Although I am a hardcore Underwood supporter in terms of the current election in Guam, I did admire one aspect of Carl Guiterrez's campaign this year. On the issue of military increases all of the candidates were EXACTLY the same, in that they used the limp, tired and potentially meaningless language of "partnership" and shared benefits to describe their position on the coming Marines. In other words, we must make sure that we are partners with the military and so all the people of Guam benefit by their presence. There was not hint of antagonism from anyone, except for Carl Guiterrez in a single instance. Unlike the other three who refused to make any demands of the military, Guiterrez did say that he would demand one thing from the military, or that he would "get it back." Namely Fena Lake.
Tinige' Senadot Jesse Anderson Lujan
The Marianas Variety
WE recently heard from the Secretary of the Navy about our efforts to obtain some federal government help to upgrade our infrastructure. We have been pursuing these efforts to better prepare ourselves for the incoming Marines from Okinawa and to better position ourselves for future military placements here.We want these investments to make sure we do not descend into an unending morass of water outages, power outages, overflowing sewer lines, clogged roads and serial killer power poles, mercilessly murdering more and more of our citizens. We want to avoid a total deterioration of our quality of life. Also, we want to succeed at helping in the defense of the country.
We cannot do that with substandard infrastructure which has a capacity that continues to be stretched beyond its breaking point.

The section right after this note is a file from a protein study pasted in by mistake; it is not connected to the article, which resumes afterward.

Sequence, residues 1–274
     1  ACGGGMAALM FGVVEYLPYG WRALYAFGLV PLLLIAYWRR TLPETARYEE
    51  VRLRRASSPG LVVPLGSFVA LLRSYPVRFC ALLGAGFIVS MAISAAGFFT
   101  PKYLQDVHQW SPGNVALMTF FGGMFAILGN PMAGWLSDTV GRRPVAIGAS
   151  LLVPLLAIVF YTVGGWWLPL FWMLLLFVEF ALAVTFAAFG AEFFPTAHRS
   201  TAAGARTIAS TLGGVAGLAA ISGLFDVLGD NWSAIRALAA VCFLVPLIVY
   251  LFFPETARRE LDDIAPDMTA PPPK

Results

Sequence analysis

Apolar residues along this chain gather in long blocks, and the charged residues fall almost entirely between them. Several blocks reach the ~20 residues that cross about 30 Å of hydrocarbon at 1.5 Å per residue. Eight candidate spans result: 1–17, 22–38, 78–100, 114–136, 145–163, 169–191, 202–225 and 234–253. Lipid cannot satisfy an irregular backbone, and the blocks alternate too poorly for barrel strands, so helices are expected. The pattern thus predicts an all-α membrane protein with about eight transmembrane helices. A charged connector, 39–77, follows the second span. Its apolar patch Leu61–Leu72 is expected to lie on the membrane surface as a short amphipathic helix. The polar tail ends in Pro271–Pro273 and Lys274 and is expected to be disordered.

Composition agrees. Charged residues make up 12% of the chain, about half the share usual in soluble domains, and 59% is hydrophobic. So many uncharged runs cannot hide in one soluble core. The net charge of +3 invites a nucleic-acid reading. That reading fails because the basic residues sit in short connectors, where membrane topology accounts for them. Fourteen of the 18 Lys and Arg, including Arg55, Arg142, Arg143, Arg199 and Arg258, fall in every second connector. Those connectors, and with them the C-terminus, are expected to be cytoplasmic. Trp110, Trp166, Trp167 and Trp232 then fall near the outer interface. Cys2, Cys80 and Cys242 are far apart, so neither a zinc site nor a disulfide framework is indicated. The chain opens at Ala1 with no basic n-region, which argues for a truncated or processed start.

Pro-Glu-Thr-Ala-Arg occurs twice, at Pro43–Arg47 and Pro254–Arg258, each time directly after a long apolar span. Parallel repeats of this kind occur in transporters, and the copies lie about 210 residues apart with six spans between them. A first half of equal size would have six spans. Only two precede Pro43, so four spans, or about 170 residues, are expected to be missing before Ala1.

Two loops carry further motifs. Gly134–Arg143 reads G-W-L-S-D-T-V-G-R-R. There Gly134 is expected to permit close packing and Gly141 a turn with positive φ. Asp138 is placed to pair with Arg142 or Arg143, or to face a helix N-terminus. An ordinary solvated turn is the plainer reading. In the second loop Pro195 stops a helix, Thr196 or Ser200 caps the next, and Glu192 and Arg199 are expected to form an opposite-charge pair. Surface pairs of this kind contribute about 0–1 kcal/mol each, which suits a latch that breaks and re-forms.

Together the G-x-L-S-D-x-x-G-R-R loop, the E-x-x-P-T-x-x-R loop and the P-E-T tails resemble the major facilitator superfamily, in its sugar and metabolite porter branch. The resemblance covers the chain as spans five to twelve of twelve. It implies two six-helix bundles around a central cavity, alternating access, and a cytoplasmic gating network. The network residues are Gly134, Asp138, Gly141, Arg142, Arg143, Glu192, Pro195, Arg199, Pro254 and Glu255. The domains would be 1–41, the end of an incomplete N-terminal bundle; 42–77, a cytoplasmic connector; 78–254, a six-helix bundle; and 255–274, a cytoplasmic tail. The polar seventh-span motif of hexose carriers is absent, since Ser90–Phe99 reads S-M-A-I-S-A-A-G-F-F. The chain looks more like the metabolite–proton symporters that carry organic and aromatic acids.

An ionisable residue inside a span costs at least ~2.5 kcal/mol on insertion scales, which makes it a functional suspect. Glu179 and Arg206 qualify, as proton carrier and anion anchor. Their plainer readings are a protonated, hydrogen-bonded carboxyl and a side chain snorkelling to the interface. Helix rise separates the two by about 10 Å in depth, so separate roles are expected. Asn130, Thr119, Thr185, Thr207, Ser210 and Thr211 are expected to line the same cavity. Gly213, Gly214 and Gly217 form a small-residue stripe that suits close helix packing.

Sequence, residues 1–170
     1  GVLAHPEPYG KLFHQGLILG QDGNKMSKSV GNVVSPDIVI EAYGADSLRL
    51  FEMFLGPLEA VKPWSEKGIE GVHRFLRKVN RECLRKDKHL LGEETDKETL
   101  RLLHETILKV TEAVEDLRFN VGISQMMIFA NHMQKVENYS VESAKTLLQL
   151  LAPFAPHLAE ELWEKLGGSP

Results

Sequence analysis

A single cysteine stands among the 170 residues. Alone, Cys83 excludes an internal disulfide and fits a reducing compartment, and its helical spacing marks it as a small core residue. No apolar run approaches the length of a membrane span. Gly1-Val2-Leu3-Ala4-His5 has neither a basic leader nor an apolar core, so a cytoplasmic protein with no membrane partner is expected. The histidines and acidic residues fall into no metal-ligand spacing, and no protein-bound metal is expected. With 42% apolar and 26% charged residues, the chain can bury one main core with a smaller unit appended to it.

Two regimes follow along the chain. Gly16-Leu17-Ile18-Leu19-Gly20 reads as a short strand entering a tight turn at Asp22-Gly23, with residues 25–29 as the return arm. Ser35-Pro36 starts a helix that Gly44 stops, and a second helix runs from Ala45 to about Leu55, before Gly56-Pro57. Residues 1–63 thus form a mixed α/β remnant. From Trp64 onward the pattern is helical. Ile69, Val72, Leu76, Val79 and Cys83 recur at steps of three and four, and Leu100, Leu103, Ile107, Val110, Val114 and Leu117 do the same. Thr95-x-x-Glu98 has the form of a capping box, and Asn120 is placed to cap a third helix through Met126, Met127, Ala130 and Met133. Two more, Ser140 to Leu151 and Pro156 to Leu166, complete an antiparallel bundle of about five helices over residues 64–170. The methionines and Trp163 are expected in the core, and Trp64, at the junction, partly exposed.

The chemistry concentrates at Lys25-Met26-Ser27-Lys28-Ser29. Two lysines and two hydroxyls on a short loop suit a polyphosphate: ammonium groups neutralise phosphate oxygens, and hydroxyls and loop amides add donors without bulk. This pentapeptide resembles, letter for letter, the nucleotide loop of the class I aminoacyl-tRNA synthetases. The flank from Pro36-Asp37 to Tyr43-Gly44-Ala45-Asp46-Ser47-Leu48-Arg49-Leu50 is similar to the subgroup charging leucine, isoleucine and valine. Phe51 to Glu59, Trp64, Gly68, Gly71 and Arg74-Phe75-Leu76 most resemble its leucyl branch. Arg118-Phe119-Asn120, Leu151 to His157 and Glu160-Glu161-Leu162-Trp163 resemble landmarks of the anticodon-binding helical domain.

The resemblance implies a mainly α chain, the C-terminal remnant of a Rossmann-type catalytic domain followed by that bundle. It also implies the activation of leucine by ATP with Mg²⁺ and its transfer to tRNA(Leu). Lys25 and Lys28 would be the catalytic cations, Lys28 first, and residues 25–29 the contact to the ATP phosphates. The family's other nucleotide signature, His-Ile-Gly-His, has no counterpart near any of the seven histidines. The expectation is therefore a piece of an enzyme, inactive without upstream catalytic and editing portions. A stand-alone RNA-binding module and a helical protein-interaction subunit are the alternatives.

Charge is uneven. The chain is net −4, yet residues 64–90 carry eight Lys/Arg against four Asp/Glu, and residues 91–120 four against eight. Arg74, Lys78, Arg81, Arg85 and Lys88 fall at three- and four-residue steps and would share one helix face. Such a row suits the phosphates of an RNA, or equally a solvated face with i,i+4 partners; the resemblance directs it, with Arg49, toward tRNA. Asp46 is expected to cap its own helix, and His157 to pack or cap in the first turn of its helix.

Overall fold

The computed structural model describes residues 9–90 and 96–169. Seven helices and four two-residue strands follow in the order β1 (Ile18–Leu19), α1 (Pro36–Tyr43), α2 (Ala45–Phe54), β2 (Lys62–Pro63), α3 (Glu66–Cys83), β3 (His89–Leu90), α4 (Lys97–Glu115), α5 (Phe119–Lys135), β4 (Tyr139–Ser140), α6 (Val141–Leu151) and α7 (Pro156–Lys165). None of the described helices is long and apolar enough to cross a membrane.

Much to our amazement, the message from Mr. Secretary was nada, zip, nothing for Guam’s civilian community. Apparently, Mr. Secretary’s message was that as far as civilian infrastructure is concerned, we civilians are on our own.
Where does that leave us? Well, we, 160,000 people, must now find a way to beg or borrow up to $2 billion to upgrade our current infrastructure. We need to do this, mind you, so that we can accommodate about 50,000 new residents, who are coming here for the sole purpose of bolstering our national defense.
Perhaps, Mr. Secretary was misquoted or I misunderstood him. But if correctly stated, this position is incredibly short sighted and bordering on incredible. To give you an idea of how incredible Mr. Secretary’s position is, mull this example over for a minute. What if a private developer came to Guam, said that he was going to invest $15 billion here?
Let’s say that developer said he was going to bring in 50,000 people for his project. Moreover, all his investments would go straight into his project. Let’s say the developer told us that all impacts of his investment on our island and on our community would be ours to bear alone. With a straight face, he would tell us that all our power, water, roads, landfill and port problems were all ours to bear—solely. If this happened, it wouldn’t be long before we sent that investor on his way. The point is that some projects are simply too big for our small community to absorb by itself. The Secretary of the Navy and the Nation are asking us, a community of 160,000 Americans, to subsidize the defense of a nation of 300 million people. Put simply, giving us a helping hand is critical to the military mission in the Western Pacific. As Guam takes on an increasingly important role in the defense of the nation, the nation must recognize that a completely upgraded civilian infrastructure is an essential component of that mission. It is unquestionable that the military community will, to a large extent, live, work and shop in the civilian community. To think that this will all be meekly accepted and subsidized by us is simply foolish and reckless.